Supreme Court: While hearing the review petition filed by the Central Government against the judgement dated 20.03.2018, the Bench of AK Goel and UU Lalit refused to stay the SC/ST Act verdict. The Government has filed the review petition after the Dalit outfits called for a nationwide Bandh on Monday i.e. 02.04.2018 against the verdict of the Court. At least nine people have been killed across the country due to violent protests which marred the Bharat Bandh.
The grounds for review as pointed out by Attorney General KK Venugopal are:
- as per Rule 12(4) and (4A) read with Annexure-I of the 2016 Amendment to the Scheduled Castes and the Scheduled Tribes (Prevention of Atrocities) Rules, 1995, immediate compensation or other assistance has to be given to victim belonging to Scheduled Castes and Scheduled Tribes. If there is delay in preliminary inquiry, payment of such compensation or other immediate relief may be delayed.
- there may be offences under the provision of the Indian Penal Code or any other law and direction to hold preliminary inquiry may delay registration of case in respect of such other offences also.
- the directions are in conflict with the provision of the Code of Criminal Procedure, 1973.
Stating that the order only safeguards abuse of power of arrest or of false implication of an innocent without in any manner affecting the rights of the members of the SC/ST, the Court said:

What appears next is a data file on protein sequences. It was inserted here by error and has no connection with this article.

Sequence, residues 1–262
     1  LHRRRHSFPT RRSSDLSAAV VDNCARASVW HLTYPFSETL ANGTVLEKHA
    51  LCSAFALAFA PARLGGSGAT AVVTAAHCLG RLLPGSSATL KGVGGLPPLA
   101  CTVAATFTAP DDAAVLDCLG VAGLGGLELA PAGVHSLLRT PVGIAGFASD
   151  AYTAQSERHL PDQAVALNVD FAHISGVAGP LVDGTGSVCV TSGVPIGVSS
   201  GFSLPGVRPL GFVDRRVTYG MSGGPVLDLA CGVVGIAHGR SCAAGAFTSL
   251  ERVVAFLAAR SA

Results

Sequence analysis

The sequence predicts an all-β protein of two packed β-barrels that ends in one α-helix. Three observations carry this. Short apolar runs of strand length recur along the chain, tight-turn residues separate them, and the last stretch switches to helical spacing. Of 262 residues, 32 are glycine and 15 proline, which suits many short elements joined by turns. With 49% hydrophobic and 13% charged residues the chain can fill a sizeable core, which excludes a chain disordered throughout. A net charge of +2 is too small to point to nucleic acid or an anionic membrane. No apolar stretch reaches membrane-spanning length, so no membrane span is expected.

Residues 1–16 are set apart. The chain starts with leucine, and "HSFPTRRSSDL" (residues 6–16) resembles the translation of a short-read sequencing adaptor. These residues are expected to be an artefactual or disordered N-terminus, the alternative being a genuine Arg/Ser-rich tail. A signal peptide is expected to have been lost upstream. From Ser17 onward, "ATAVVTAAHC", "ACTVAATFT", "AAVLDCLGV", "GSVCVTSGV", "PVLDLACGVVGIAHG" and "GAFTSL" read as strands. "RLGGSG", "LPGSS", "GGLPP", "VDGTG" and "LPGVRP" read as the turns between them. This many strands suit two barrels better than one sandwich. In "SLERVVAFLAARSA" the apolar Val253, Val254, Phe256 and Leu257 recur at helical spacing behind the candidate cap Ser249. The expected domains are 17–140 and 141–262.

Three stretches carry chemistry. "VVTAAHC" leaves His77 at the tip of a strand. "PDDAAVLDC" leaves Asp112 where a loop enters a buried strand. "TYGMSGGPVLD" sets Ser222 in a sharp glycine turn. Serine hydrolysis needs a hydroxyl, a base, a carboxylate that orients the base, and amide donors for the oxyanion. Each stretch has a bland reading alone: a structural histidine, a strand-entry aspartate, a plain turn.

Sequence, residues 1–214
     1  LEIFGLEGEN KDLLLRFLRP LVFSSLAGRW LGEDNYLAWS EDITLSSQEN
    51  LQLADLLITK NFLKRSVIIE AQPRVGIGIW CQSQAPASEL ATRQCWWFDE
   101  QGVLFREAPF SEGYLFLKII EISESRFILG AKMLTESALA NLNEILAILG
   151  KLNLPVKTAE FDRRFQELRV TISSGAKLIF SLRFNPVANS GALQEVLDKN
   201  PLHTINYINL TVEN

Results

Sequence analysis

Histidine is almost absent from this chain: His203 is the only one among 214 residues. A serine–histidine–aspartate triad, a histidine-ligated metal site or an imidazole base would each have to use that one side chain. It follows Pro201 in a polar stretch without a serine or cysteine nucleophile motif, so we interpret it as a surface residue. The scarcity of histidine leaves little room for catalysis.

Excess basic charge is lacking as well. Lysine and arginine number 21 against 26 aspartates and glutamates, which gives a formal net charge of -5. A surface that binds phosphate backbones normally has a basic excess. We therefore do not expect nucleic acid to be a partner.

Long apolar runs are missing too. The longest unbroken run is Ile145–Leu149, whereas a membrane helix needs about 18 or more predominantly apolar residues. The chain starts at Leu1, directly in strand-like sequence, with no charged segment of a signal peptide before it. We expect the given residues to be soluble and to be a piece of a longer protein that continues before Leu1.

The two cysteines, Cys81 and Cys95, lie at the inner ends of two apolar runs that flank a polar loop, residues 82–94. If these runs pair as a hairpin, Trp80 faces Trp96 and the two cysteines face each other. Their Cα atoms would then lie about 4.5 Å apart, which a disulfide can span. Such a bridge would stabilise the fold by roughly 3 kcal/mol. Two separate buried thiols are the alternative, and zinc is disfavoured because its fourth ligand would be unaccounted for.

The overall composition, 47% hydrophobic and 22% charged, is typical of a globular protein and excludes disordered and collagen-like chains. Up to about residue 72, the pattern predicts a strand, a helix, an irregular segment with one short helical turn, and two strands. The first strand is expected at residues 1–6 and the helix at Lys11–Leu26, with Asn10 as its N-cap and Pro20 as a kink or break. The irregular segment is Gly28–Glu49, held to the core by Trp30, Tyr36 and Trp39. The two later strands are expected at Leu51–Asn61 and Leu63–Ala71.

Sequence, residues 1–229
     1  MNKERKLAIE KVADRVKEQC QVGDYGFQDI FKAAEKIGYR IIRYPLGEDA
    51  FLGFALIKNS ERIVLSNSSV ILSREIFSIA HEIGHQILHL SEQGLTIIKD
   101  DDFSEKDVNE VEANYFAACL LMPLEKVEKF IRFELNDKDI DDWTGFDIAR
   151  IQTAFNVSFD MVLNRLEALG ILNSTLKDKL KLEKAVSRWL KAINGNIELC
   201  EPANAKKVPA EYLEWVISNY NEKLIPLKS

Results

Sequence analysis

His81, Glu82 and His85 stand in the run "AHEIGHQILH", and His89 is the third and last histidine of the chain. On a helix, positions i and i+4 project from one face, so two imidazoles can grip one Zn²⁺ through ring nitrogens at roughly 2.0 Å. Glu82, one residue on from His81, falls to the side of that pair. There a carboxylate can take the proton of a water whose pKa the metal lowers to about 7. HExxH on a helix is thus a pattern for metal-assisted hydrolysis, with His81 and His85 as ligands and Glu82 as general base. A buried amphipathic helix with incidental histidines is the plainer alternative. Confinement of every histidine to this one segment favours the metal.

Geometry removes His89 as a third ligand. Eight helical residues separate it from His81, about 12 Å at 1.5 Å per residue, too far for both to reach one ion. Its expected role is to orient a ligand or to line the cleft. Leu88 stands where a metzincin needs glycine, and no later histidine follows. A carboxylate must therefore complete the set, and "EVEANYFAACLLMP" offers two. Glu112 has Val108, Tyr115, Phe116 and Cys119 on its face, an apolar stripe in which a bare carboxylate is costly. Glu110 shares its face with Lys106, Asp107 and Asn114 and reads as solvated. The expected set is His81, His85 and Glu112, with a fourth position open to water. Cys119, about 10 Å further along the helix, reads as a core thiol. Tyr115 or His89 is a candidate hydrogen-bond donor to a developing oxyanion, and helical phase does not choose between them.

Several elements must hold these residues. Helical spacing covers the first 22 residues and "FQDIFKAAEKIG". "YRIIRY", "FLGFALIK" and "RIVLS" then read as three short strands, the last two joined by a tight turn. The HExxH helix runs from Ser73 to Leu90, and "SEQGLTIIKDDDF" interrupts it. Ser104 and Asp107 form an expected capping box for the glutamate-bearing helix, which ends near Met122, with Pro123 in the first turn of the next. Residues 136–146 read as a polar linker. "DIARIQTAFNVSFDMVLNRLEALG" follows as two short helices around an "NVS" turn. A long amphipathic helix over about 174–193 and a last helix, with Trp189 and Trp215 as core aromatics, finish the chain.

“A perusal of the order of this Court makes it clear that there is no bar to compensation or other immediate relief being given to the victim member of the SC/ST as per the provisions noted above without any delay whatsoever. There is also no bar to registration of F.I.R. under any provision of the penal code or any other law and the offences under the SC/ST Act being added later, if necessary. Thus, there is no dilution of any provision of the SC/ST Act relating to compensation, trial, punishment or otherwise.”
In it’s verdict, the Bench had acknowledged the abuse of law of arrest in cases under the Scheduled Castes and the Scheduled Tribes (Prevention of Atrocities) Act, 1989 (the Atrocities Act) and had said that the legislature never intended to use the Atrocities Act as an instrument to blackmail or to wreak personal vengeance nor was it intended to deter public servants from performing their bona fide duties. It was, hence, held that unless exclusion of anticipatory bail is limited to genuine cases and inapplicable to cases where there is no prima facie case was made out, there will be no protection available to innocent citizens. It said:
“mere unilateral allegation by any individual belonging to any caste, when such allegation is clearly motivated and false, cannot be treated as enough to deprive a person of his liberty without an independent scrutiny.”
During the hearing of the review petition, the Court again said:
“we are not against the Act but innocent should not be punished.”
Noticing that the matter may have to be heard and considered further, the Court asked all parties to submit detailed replies within two days and listed the matter after 10 days. [Union of India v. State of Maharashtra, 2018 SCC OnLine SC 323, order dated 03.04.2018]